That’s the question with which my client – let’s call him Andy – opened a recent session.
‘Is empathy important? I’ve got a guy in my department who is technically brilliant at his job. I also have a vacancy for a team leader. On paper, this guy’s the obvious choice. However, he never seems very empathetic. I guess the fact I’m even asking you the question means that I do think it’s important,’ he explained.
‘How would you describe someone who is empathetic?’ I asked.
‘They listen and make sure that they understand your perspective. They don’t just sympathise with you but they make you feel heard. They can’t always change things to be the way you want them to be but they can acknowledge that you feel like that. They are open about issues that they may have.’
‘And why might all that be important in a work context?’
‘I think it builds trust. You feel more comfortable being open with someone who really listens to you and is willing to share their experiences with you. An empathetic boss is great at holding a team together because they’re aware of the motivations and challenges of the team members. It spreads a culture of empathy within the team and that means that conflict is less likely and more easily nipped in the bud. If we practise empathy with each other, that could help us be more empathetic towards our users and customers and then produce better products which ultimately is good for business.’
Research professor of psychiatry, Mohammadreza Hojat, believes that empathy can be taught. “Empathy is a cognitive attribute, not a personality trait.” In that case, we can strengthen our empathetic ability. Andy and I discussed this and came up with the following ideas for exercising our empathy:
Five ways in which we can strengthen our empathetic ability
If someone holds a different opinion to you, don’t just decide that you’re simply never going to get on: find out more. Ask them to explain how they have arrived at that opinion. They may widen your view of a situation. Be prepared to change your mind!
Listen wholeheartedly. If you don’t have time for an undistracted conversation, say so and arrange a time to talk. If you’d like some ideas on how to be a more effective listener, try out the SIER technique in my post ‘Are you all ears?’.
Empathy isn’t just about listening – it’s about talking too. Opening up about your own situation can help to build rapport, understanding and trust.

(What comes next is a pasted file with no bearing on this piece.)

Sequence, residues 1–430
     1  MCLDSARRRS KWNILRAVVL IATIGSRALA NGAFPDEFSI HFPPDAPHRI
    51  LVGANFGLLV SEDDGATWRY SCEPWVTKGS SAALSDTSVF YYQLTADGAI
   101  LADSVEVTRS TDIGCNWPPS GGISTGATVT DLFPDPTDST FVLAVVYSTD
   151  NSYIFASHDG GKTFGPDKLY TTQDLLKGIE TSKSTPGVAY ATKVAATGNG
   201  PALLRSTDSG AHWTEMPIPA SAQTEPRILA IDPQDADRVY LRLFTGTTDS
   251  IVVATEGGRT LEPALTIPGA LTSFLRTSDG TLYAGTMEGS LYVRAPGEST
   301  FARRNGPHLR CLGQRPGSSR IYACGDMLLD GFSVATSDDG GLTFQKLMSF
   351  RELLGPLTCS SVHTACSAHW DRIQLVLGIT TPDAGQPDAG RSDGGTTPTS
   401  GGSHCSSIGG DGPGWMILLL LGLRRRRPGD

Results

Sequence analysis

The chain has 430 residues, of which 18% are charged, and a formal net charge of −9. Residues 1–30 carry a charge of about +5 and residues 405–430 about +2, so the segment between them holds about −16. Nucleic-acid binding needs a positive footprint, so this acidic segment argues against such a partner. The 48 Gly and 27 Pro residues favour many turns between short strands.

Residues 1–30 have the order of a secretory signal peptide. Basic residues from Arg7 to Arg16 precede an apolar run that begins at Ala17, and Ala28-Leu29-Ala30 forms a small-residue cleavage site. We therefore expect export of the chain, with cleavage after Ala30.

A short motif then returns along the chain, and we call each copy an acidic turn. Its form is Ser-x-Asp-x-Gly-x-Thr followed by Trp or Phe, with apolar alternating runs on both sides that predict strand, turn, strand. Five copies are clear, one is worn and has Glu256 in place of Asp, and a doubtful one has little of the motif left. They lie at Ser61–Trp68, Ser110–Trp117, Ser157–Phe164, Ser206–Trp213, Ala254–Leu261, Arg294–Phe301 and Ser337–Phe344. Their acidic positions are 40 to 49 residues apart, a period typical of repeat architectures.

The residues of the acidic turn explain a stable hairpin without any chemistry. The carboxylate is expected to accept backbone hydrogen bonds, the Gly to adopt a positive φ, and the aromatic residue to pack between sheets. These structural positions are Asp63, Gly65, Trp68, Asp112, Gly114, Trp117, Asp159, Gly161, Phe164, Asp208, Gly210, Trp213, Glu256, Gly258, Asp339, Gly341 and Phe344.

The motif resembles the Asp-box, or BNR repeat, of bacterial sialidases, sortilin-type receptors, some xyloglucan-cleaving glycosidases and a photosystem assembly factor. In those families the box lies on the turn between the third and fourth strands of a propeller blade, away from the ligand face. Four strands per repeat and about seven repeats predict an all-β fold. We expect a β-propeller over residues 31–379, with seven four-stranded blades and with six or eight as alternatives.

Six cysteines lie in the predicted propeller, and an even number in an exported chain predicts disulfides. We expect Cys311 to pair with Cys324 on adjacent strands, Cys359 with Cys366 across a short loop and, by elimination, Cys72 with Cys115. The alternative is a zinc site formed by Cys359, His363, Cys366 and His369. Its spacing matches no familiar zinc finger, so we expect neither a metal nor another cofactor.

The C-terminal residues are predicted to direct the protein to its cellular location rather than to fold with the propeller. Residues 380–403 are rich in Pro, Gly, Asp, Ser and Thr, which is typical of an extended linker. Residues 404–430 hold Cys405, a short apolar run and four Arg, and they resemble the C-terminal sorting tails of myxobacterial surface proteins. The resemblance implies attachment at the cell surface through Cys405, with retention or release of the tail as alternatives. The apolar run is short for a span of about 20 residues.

Be prepared to walk in another person’s shoes
We hear of method actors who chose to stay in character whilst making a film, even going to extremes at times. In a work context, you may choose to go and spend a couple of days shadowing another team to discover how you can improve your working relationship with them. In Harper Lee’s ‘To Kill a Mockingbird’, Atticus Finch says to his daughter:
“If you can learn a simple trick, Scout, you’ll get along a lot better with all kinds of folks. You never really understand a person until you consider things from his point of view—until you climb into his skin and walk around in it.”
The word ’empathy’ literally means being ‘in feeling’ with someone: that requires you to be aware of how you are feeling. Being emotionally aware can sometimes be tricky – if that’s the case for you, an emotional body scan can help. As your understanding of your own emotional state grows, so will your ability to identify the emotions felt by others.
In a commencement address at Northwestern in 2006, Barak Obama said that empathy is a quality of character that can change the world. If that’s true, then empathy can change the team you work in, your friendships, even the conversation you have with your family over the dinner table.
Today’s pebble for you to ponder: could you do with strengthening your empathetic ability?
Turning over pebbles is the blog of Thinking Space Coaching.
If you’re ready to transform your work or your life, why not email me to see how we can work together?